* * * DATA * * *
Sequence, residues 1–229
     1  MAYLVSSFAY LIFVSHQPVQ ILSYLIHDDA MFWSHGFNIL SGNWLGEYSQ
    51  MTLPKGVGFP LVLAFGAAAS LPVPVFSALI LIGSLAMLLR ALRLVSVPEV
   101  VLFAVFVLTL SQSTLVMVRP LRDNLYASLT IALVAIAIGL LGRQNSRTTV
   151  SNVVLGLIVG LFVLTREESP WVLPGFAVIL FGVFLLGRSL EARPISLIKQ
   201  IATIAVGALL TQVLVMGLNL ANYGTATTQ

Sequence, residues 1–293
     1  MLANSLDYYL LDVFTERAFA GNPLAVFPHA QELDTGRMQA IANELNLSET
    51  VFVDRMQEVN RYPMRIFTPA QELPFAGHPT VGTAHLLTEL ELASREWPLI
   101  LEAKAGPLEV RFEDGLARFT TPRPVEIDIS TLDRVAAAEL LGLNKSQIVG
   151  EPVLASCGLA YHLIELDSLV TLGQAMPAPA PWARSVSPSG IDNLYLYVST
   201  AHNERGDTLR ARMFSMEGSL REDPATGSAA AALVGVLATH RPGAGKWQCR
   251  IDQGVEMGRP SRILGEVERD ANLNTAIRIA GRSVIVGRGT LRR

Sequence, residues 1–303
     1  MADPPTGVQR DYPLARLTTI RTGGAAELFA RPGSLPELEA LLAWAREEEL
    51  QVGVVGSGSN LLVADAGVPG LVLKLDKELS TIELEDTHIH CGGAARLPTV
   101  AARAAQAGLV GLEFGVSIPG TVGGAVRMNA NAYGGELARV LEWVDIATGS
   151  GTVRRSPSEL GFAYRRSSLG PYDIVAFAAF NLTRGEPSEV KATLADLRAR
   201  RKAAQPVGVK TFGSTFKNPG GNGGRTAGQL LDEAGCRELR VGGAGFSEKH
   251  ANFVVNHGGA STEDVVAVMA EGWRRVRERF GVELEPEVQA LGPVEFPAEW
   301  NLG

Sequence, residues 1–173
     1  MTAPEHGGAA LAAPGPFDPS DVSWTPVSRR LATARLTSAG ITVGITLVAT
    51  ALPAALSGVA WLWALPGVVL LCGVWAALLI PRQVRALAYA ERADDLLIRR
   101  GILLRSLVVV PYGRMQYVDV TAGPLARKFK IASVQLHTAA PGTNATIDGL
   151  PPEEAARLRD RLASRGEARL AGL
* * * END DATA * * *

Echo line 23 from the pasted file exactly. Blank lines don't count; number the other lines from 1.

     1  MTAPEHGGAA LAAPGPFDPS DVSWTPVSRR LATARLTSAG ITVGITLVAT